Meeting the Needs of Children and FamiliesDajeong KimECEP 233 – 063Lisa McCaie-WattersApril 4th 2013
• Sonia is new child in my program • Sonia has Spina Biﬁda and she need to use a wheel chair • “She also has a shunt to lessen ﬂuid on the brain” • She is brilliant, and extrovert • Her parents are bilingual, so Sonia can speak English and French • Her family is new in Toronto, and they want to get some advice from me about services in this area • They are interested in sports and recreation programs (Meeting the Needs of Children with Special Needs Assignment-‐Case Studies)
• Identifying Sonia’s speciﬁc symptom with her parents• Changing the environment (Setting) for Sonia’s convenience (Wheel Chair)• Giving help Sonia to adapt to new environment, and get along with the children• Planning some activities for Sonia• Providing some agencies to help new comers• Providing some agencies that can help child with Spina Biﬁda• Providing some agencies that Sonia’s family can do sports and recreation
Normally embryo’s both side of spine bones close within the ﬁrst four weeks of pregnancy. However, if during this period, the spine does not close completely, it is cause of birth defect. (Spina Biﬁda Information)
Spina Biﬁda Segment(Video)
“Infants born with spina biﬁda may have an open lesion on their spine where signiﬁcant damage to the nerves and spinal cord occurs. Although the spinal opening is surgically repaired shortly after birth, the nerve damage is permanent. This results in varying degrees of paralysis of the lower limbs, depending largely on the location and severity of the lesion. Even with no visible lesion, there may be improperly formed or missing vertebrae, and accompanying nerve damage.” (Spina Biﬁda Information)
“Spina biﬁda is the most common of a group of birth defects known as newuraltube defects, which aﬀect the central nervous systm(brain and spinal cord).” (Spina Biﬁda) There are three most common types of Spina Biﬁda, which are Occulta, meningocele, and myelomeningocele. Each type has diﬀerent level of severity, and symptoms.
Occulta means “hidden” in Latin, and Spina Biﬁda Occulta is the mildest form and the most common form of spina biﬁda. “In spina biﬁda occlta, one or more vertebrae are malformed.” (Types of Spina Biﬁda) The skin on the surface may be normal. Otherwise, There are some hair growing or dimple on the skin. (Spina Biﬁda Information) “SBO is common; 10 to 20 percent of healthy people have it. Normally is safe and people often ﬁnd out they have it through an X-‐ray. Spina Biﬁda Occulta usually doesn’t ause nervous system problems.” (Spina Biﬁda Occulta)
Even though there is nothing wrong with the spine, people can have Spina Biﬁda Occulta. People could have neurological complication relate to SBO. There are some possible symptoms of neurological complication. (Spina Biﬁda Occulta) “ • Pain in the back or legs; • Weakness in the legs; • Numbness or other changes in feeling in the legs or backs; • Deformed legs, feet and back; and • Change in bladder or bowel function. People who could have a spinal cord problem should see a health care provider right away.” (Spina Biﬁda Occulta)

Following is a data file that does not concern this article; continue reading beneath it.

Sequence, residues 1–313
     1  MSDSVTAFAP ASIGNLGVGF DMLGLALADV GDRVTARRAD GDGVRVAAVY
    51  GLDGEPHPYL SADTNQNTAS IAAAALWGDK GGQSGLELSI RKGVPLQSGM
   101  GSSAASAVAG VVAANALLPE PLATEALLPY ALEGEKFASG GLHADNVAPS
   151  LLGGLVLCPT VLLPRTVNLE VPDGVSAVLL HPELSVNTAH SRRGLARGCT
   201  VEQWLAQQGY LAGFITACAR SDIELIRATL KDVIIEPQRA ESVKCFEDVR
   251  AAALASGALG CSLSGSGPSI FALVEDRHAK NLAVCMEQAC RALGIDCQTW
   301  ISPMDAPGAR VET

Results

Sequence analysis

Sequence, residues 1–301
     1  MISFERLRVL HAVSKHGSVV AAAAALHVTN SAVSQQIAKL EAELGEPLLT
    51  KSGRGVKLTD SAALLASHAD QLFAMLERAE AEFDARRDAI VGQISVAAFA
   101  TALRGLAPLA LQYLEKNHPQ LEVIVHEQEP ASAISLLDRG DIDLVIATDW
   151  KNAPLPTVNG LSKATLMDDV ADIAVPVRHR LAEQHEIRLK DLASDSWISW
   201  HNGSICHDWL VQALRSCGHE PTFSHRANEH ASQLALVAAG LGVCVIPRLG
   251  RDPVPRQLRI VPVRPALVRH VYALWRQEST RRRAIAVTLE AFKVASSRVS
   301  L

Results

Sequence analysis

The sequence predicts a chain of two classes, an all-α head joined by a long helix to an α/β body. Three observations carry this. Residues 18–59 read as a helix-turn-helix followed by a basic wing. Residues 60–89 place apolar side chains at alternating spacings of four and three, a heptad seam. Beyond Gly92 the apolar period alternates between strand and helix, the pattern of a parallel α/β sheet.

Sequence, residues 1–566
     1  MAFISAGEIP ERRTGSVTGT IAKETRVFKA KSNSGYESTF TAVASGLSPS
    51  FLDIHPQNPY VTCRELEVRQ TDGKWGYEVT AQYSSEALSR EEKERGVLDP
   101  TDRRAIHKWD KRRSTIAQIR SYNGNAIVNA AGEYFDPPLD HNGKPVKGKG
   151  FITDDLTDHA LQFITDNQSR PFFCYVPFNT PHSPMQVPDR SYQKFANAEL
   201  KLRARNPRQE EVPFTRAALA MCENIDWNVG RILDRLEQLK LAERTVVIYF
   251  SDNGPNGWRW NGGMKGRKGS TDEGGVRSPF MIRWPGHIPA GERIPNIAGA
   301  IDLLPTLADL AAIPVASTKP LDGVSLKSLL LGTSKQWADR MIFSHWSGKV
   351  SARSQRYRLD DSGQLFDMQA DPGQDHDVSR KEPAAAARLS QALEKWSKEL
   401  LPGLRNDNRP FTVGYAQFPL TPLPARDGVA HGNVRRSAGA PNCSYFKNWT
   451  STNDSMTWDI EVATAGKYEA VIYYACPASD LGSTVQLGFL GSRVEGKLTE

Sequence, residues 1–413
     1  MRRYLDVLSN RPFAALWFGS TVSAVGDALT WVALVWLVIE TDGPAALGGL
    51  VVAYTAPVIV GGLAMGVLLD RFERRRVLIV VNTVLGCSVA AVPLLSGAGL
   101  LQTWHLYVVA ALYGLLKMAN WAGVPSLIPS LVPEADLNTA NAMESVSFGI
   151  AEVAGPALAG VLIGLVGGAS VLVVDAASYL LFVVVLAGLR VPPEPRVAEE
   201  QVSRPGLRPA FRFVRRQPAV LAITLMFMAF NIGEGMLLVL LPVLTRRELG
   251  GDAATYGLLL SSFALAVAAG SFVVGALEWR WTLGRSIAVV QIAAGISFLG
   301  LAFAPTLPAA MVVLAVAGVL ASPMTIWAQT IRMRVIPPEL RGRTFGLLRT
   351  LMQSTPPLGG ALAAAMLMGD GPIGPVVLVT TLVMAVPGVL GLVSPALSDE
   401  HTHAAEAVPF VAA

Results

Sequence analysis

Meningocele spinal cords develop normally, but only problem is that meninges juts out from the opening. It is created by damaged or missing vertebrae and perhaps can be exposed. (Spina Biﬁda Information) “The membrane that surrounds the spinal cord may enlarge, creating a lump or “<cyst.” This is often invisible through the skin and causes no problems. If the spinal canal is cleft, or “biﬁd,” the cyst may expand and come to the surface. In such cases, since the cys does not enclose the spinal cord, the cord is not exposed. The cyst varies in size, but it can almost always be removed surgically if necessary, leaving no permanent disability. This is an uncommon type of spina biﬁda.” (Spina Biﬁda)
“In this rare form, the protective membranes around the spinal cord (meninges) push out through the opening in the vertebrae. Because the spical cord develops normally, these membranes can be removed by surgery with little or no damage to nerve pathways.” (Symptoms)
“A section of the spinal cord and the nerves that stem from the cord are exposed and visible on the outside of the body. Or, if there is a cyst, it encloses part of the cord and the nerves. This condition, which was documented 4000 years ago, accounts for 94% of cases of true spina biﬁda.” (Spina Biﬁda)Myelomeningocele is the most omplex and intense form of spina biﬁda. Its protective covering and the meninges protrude from the spilt spine. (Spina Biﬁda Information)
“A new born may have a sac sticking out of the mid to lower back. The doctor cannot see through the sac when shining a light behind it. Symptoms include: • Loss of bladder or bowel control • Partial or complete lack of sensation • Partial or complete paralysis of the legs • Weakness of the hips, legs, or feet of a newborn Other symptoms may include: • Abnormal feet or legs, such as club foot • Build up of ﬂuid inside the scull (hydrocephalus) • Hair at the back part of the pelvis called the sacral area • Dimpling of the sacral area” (Myelomeningocele)
Researchers said that there are eﬀects of heredity, lack of folic acid, and environment could inﬂuence to Spina Biﬁda. However, it is not been identiﬁed yet exactly. (Spina Biﬁda Information) “Having a child with Spina biﬁda increases the chance that another child will also have Spina biﬁda by 8 times. In about 95% of cases of Spina biﬁda, however, there is no family history of neural tube defects.”(emedicinehealth)